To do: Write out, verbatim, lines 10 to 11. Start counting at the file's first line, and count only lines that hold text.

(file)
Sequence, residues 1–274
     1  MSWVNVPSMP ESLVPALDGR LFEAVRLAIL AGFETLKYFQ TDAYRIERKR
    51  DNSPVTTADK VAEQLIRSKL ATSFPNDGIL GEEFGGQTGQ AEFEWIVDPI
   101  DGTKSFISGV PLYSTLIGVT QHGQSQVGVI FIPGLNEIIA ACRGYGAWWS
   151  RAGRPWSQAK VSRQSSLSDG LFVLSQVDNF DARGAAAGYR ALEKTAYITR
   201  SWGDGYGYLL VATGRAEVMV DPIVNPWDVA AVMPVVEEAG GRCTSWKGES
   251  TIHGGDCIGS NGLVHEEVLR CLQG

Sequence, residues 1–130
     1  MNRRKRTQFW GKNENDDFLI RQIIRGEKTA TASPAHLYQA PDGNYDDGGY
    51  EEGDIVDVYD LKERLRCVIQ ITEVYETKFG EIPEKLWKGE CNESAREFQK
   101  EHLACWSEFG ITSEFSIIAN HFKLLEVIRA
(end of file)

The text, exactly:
    51  EEGDIVDVYD LKERLRCVIQ ITEVYETKFG EIPEKLWKGE CNESAREFQK
   101  EHLACWSEFG ITSEFSIIAN HFKLLEVIRA